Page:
Meet Rico Bodin, who is part of the inaugural cohort of the Master of Science in Mental Health Counseling Program in the Brooks Rehabilitation College of Healthcare Sciences.
What is your undergraduate degree?
A Bachelor’s of Behavioral Science, from Bellevue University.
Why did you choose this JU program?
I selected the JU Clinical Mental Health Counseling program because it is offered as a hybrid, which allows me to work full-time and attend school full-time. This option provided the perfect opportunity for a career change with a focus on humanitarian issues and community consciousness.
What do you like best about the program?
First, I like the professor-to-student ratio, which is exceptional compared to other Universities in our area. The second best thing I would have to say, is the experiential learning framework. Our classroom hours are used more efficiently, providing clinical proficiency within the discipline of mental health counseling.
What made you choose to pursue a career in this area?
I first became a Certified Recovery Peer Specialist (CRPS), in 2014 as an undergraduate, to help others achieve and maintain recovery from substance use and mental health conditions. Since then, I have taken additional training as a CRPS, and now I’m endorsed by the Florida Department of Children and Families as a Trainer of “Helping Others Heal,” which is the 40 hours of training needed to become a CRPS. This training now allows me to help build the paraprofessional workforce of peer-to-peer specialists, while providing an entry-level credential for persons who wish to use this professional preparation in combination with their lived experience to help others, through a variety of support services, many of which are now Medicaid reimbursable. I was really excited to learn that Lutheran Services Florida and JU will be offering this CRPS training beginning in January. (See CRPS Training Offered at Jacksonville University below).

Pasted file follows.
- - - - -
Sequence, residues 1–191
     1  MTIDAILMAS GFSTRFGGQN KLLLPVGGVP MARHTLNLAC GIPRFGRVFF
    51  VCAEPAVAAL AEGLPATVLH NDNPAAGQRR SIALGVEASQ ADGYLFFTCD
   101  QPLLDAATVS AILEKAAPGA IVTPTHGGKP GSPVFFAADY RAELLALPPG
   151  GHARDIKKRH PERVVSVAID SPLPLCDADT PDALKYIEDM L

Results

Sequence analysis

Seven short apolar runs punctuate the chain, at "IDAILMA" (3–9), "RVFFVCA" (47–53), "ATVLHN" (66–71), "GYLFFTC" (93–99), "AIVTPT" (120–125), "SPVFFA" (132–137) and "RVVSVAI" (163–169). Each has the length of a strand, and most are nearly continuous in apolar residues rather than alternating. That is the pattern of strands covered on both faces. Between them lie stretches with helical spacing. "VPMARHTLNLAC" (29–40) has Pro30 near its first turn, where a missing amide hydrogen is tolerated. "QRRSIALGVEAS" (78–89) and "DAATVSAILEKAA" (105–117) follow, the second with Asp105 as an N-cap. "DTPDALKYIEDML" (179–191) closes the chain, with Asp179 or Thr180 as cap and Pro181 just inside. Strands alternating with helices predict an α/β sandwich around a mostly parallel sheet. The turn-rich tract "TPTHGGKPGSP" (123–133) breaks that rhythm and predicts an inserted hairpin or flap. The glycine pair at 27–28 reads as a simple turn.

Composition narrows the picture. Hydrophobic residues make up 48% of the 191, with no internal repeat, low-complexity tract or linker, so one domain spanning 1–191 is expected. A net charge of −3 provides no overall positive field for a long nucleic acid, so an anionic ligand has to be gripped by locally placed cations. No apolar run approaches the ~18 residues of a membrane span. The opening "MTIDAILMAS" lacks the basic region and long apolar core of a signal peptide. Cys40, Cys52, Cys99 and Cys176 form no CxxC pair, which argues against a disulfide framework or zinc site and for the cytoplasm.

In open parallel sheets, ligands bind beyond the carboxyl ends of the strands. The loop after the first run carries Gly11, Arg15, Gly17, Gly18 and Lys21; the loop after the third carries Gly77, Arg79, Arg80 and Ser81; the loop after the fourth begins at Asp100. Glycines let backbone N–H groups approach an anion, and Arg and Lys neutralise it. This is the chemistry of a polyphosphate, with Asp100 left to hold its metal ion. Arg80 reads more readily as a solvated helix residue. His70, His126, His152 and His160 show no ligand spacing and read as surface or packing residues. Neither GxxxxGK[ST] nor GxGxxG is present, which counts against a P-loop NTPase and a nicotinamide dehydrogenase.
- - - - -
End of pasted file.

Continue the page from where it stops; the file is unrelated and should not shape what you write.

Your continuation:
I selected the CMHC program because of my passion to be of service and help others see their ability to change. Psychotherapy is one modality of counseling that allowed me to see my life direction while allowing me to readjust my sails and head into calmer waters for the opportunity of an advantageous career founded in humanitarian well-being, for the betterment of our community and our health care system.
What do you hope to pursue after graduation?
I plan to pursue licensure in both Clinical Mental Health Counseling and Marriage and Family Therapy, as this program provides the means to obtain both licenses without any added coursework after graduation. I currently work for Gateway Community Services as a health educator/case manager and plan to help expand their current integrated services by facilitating a lesbian, gay, bisexual and transgender (LGBT) co-occurring track for those seeking a safe environment in which to confront their chemical dependency and the unique stresses faced by LGBT individuals.
CRPS Training Offered at Jacksonville University
Jacksonville University is collaborating with Lutheran Services Florida Health System (LSF) on a new federally funded project that will train participants to become Certified Recovery Peer Specialists (CRPS). LSF with JU offers an enhanced training program that includes the required CRPS 40-hour training. This enhanced training, which will take place on the JU campus, is designed to provide participants with the skill sets and interpersonal tools they can in turn use to help their peers achieve and maintain recovery from substance use and/or mental health conditions.
There are four different class options, and the first class runs Jan. 9-April 28. Registration must be completed by Dec. 16.
Rico Bodin, left, presents his research poster at the first Clinical Mental Health Counseling Internship Fair on Thursday, July 28.